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Yev from Backblaze here -> it's an internal debate as to whether we should put dates on everything. It used to be that they were part of the URL (because of the way our blog was designed) but that is no longer the case. We decided to leave them off for a while to see if that made posts more "evergreen", but we definitely see where it can lead to some confusion. We'll keep chatting about it internally, there's likely a good middle-ground.



As a general rule, I get really annoyed when I come across a web page and I can't tell how old it is, especially if it is information that is likely to age rapidly. I don't care if putting a date on the page makes it less "evergreen", hurts someones SEO stats or makes the flowers wilt, I just want to know if I can trust what I'm reading.


>> "makes it less "evergreen""

The evergreen no date thing is fine with me - provided the content itself is actually evergreen. That's the bit people seem to forget. Not dating content doesn't magically make it last forever. If the information is unlikely to expire then I don't need a date. If there is a chance that the information will go out of date, especially if the dated information will not be useful to the reader, then it should be dated.


In five years will the failure rate of 3-4tb drives that are harvested from external enclosures matter?


I have no idea why this is downvoted at all, let alone downvoted so heavily. It's correct. The content will be out of date in five years, so it's not evergreen and should be dated.


A thousand up-votes for you. Date of information is one of the most important contexts in IT. I can't count the times somebody has said "This says this and that about such and such", and I have to say "Yeah bro, when was that written? Oh, three years ago? What's the story now?".


Agreed. FWIW I basically don't read articles where I can't find the date, unless it's clearly something that doesn't need one (which is rare). Especially anything technology related, truth turns to myth in no time at all.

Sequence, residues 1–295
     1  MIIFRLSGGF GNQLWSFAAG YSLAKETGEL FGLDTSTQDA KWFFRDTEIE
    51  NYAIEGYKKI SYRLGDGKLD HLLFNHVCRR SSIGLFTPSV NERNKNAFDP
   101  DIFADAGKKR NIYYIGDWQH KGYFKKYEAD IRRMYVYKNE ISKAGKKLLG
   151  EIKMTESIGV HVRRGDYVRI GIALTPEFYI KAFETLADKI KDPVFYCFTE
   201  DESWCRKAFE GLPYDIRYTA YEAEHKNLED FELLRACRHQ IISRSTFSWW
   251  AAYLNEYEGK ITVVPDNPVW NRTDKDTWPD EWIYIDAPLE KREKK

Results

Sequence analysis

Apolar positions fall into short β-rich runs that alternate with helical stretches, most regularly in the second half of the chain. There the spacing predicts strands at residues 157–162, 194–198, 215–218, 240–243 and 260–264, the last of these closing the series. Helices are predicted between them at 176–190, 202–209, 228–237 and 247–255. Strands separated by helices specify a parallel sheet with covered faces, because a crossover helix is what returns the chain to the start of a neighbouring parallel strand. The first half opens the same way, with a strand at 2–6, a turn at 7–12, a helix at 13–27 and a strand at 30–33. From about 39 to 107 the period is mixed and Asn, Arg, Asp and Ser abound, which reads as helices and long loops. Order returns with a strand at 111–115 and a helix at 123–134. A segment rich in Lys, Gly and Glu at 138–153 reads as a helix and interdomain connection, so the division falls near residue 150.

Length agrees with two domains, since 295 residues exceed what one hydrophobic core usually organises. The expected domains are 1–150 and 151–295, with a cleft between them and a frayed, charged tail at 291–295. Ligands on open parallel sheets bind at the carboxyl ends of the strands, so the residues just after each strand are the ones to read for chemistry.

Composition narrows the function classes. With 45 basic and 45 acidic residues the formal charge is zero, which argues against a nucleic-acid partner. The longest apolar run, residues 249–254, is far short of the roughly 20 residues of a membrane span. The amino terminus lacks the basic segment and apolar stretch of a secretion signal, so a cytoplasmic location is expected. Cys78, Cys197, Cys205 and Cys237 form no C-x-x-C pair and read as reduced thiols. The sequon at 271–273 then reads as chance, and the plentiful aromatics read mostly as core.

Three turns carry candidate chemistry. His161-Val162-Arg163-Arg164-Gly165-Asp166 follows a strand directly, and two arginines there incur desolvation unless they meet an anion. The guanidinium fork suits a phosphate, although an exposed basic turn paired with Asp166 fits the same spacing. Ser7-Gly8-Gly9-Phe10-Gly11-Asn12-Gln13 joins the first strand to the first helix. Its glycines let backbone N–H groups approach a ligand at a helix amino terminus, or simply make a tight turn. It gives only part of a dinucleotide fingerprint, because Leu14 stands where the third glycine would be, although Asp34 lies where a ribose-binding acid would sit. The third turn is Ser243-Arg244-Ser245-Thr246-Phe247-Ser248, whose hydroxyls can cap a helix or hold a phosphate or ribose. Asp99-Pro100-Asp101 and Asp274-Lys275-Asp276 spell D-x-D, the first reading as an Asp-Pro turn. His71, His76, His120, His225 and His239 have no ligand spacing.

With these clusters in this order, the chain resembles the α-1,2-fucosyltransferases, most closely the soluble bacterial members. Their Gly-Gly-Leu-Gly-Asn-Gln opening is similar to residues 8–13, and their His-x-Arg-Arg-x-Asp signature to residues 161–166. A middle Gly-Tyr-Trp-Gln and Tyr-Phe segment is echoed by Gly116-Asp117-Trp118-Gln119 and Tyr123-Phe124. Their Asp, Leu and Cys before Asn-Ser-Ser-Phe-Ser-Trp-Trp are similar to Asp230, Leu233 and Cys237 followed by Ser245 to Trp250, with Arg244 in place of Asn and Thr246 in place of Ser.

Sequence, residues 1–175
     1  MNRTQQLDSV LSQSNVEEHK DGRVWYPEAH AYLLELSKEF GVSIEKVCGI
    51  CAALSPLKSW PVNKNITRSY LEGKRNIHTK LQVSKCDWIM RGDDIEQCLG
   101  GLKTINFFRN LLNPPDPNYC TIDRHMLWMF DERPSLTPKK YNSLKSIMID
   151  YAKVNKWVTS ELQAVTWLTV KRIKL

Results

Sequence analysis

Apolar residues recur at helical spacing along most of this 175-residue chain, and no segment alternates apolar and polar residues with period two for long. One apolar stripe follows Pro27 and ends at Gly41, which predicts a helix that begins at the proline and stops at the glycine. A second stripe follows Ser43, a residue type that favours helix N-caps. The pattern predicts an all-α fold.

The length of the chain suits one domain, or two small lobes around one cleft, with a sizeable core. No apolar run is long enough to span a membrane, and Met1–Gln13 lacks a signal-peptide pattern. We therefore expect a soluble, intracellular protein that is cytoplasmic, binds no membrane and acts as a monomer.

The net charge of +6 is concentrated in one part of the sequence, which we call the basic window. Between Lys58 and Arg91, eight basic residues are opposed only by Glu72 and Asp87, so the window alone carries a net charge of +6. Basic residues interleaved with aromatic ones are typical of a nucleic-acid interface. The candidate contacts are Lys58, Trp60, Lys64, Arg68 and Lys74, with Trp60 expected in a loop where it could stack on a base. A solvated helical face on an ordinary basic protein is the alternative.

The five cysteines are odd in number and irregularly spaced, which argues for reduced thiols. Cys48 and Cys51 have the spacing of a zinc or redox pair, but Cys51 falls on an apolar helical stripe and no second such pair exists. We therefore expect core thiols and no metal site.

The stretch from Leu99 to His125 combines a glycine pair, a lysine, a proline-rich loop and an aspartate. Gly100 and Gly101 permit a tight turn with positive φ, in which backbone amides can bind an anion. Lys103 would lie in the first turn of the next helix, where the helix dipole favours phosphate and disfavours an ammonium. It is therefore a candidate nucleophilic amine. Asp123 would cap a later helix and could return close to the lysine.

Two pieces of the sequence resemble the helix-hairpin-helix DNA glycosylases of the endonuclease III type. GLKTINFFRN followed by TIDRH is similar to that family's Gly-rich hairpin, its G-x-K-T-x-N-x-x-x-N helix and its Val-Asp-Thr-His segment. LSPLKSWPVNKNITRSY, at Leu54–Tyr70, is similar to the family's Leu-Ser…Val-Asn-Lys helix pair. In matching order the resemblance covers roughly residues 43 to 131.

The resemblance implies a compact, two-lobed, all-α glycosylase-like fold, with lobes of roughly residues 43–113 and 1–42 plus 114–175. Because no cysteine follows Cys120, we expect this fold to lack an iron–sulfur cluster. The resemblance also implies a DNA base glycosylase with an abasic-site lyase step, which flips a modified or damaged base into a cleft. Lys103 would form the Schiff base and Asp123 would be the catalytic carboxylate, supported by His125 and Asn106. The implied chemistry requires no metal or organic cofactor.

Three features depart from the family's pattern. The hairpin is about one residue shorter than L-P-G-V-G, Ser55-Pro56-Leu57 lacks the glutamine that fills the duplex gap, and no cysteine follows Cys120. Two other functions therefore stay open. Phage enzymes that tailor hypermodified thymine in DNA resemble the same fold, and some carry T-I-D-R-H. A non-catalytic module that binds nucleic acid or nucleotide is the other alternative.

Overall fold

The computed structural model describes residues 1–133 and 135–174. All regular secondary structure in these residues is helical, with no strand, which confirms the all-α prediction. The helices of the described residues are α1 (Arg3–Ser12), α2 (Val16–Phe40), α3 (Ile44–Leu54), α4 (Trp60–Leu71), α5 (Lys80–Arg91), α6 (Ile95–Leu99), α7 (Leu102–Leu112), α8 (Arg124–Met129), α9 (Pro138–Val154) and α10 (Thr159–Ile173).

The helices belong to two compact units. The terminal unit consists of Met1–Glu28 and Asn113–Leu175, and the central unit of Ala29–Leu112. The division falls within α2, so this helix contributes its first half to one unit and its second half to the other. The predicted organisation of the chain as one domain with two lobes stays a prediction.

Yes, dates are really important.

If anybody thinks, readers will skip their article, if the date is too easy to find, why don't you sign the article with the authors name and then let the author decide, if a date has to be added. Like "joe - Nov. 1, 2014" or just "joe".

This article certainly needs a date.


When I'm reading articles about tech, I almost always skip the ones without a date, unless they're the last or only source of knowledge on the topic I'm looking for.

An article without a date is about as trustworthy as a scribble on a bathroom stall.


I agree. I actually submitted a bug report to DuckDuckGo based on this. Perhaps a slight abuse of the reporting system, but I feel one of the primary reasons I end up typing !google at the end of my searches is that I don't see dates on searches by default in ddg.


This. No debate necessary, just add the dates.


My goodness! This comment upped my karma points by about 50%! I guess I hit a nerve... Thanks for all the up votes.


Well you inspired change as well ;-)


BREAKING NEWS -> There are now dates on all of the individual blog posts. The landing page is "date-free" but is in chronological order, if you open a post, the date will be below the title...AS NATURE INTENDED!


That's amazing - I'm reading the post right now (as in, 11:28 AM pacific)- and I switched back to the tab, and it doesn't show the date. But I opened it less than 10 minutes ago. They couldn't have changed it that real time could they.

Hit Refresh. Lo and behold - there is the date.

Now that's an agile organization. Thanks very much - I really appreciate the date on these posts as well.


Our pleasure :)


That's WordPress for you ;)


It certainly helped :)


Backblaze is an excellent service and your blog posts are a favour to the world. Thanks for being awesome. Also, thanks for adding dates to your blog posts :)


Evergreen, now there's a euphemism. :-)

I appreciate, in the end you have to do what gets you the most views, however, from my perspective missing out the date means you prefer to waste my time as I have to scan the article until I get a feel for how old it is.

I would read anything written within 6 months and would consider up to 12 months if the information was high quality. It's not like we're overburdened with quality, independent, information.

If your going to be business minded, why not have the date on for the first few months and remove it when the first flush of green has gone. ;-)


>Evergreen, now there's a euphemism. :-)

It's not a euphemism. It's a standard term in web content for articles that are not time-sensitive. An article on how Quicksort works is an evergreen article. One on predictions for tomorrow's stock market moves is not.